And once again, surely media stakeholders are a news savvy group that use the TV for the evening news.

If you want maximum viewer attention – why not show the PSAs more often than three times a week?

Twice reports that “The spots will feature top talent from each station, presenting a unifying message that “digital television is coming with its dramatically clearer pictures, sound and additional programming choices.”

Again,this is a good move to use well known faces to put out the messages. Will make people more confident. But at the same time, where is the debate about the transition among consumers and will there be a debate? That is an interesting topic to keep track of during the coming months when the knowledge will start to sink in that many have to buy something they haven’t asked for but won’t be without – after the transition.

Anders Bjers


U.S Consumer DTV Education Campaigns Reach Full Steam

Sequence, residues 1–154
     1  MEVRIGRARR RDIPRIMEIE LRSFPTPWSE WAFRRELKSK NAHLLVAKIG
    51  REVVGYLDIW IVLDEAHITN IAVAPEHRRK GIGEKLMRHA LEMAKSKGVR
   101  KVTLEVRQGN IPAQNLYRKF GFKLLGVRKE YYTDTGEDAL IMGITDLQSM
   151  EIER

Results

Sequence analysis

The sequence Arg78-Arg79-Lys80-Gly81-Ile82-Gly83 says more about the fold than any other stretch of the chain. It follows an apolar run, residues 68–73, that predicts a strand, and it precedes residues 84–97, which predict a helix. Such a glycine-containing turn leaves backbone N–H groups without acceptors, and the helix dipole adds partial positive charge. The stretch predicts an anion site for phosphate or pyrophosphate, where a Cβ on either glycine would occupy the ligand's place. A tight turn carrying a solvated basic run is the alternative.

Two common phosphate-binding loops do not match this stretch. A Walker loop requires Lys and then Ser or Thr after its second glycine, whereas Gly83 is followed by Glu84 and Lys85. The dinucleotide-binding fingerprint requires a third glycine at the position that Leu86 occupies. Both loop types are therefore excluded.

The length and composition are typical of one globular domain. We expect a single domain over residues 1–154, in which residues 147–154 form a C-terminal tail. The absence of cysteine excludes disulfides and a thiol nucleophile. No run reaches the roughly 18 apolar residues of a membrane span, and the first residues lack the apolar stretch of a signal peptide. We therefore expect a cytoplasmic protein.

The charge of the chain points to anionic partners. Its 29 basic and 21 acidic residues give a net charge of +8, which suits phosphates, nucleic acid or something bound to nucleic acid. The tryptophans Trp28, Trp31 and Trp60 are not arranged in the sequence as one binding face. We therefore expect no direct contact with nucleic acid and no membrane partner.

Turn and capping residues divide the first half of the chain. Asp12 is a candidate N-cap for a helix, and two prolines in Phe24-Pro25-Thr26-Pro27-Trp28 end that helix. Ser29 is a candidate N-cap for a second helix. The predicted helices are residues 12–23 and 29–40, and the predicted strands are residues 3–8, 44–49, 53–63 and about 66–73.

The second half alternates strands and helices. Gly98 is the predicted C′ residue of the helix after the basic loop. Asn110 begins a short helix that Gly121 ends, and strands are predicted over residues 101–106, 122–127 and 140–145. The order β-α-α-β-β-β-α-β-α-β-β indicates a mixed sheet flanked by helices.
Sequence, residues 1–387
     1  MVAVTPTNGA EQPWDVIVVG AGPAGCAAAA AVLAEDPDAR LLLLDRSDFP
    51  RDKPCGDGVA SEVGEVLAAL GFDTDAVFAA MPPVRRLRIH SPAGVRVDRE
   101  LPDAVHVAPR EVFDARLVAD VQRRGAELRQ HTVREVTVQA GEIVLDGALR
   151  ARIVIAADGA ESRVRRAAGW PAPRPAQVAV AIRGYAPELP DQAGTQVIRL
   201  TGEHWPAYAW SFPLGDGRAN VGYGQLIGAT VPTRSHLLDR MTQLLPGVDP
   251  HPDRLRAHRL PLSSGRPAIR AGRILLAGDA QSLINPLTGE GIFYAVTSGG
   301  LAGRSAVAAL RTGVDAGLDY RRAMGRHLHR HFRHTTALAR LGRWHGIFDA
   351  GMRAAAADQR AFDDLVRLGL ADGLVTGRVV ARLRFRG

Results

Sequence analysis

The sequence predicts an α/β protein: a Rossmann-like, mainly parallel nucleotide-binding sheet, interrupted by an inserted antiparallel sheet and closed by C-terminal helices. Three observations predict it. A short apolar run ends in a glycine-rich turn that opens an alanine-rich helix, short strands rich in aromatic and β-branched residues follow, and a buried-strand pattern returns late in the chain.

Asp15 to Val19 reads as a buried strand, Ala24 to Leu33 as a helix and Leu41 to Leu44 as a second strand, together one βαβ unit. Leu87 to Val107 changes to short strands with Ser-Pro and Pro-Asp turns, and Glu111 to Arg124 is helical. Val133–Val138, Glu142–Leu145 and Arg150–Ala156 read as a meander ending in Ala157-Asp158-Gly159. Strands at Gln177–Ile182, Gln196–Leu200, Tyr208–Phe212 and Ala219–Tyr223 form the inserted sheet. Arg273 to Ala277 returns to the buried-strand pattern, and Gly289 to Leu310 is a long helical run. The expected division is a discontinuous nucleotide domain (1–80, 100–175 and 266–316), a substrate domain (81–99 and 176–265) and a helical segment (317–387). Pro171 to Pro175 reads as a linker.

October 31, 2007

NAB has announced that the second phase of the DTV consumer education campaigns is in full swing. This phase is long awaited for by stakeholders, decision- and lawmakers. Also, NAB have launched ads to reach lawmakers and stakeholders in D.C, awareness is not only a goal among consumers. Probably is the awareness among lawmakers just as low, even if this matter should concern them more. NAB and the DTV coalition has in fairly short time succeeded in putting together unified messages to reach out to consumers in the effort to prepare consumers to act well in time before the actual transition in ’09. The question remains though how well they will reach out and make people take action.

A difference compared to other countries is that there are no converter boxes in stores yet.

The campaigns consists of the following parts:

· DTV Action” television spots

· Crawls, snipes and/or news tickers during programming

· 30-minute educational programs about DTV

· 100-day countdown to the February 17, 2009, DTV deadline

· Public relations elements, including earned media coverage in newspapers and online

· DTV Road Show that will visit 600 locations nationwide

· DTV Speakers Bureau that will reach one million consumers

· Online banner ads on TV station Web sites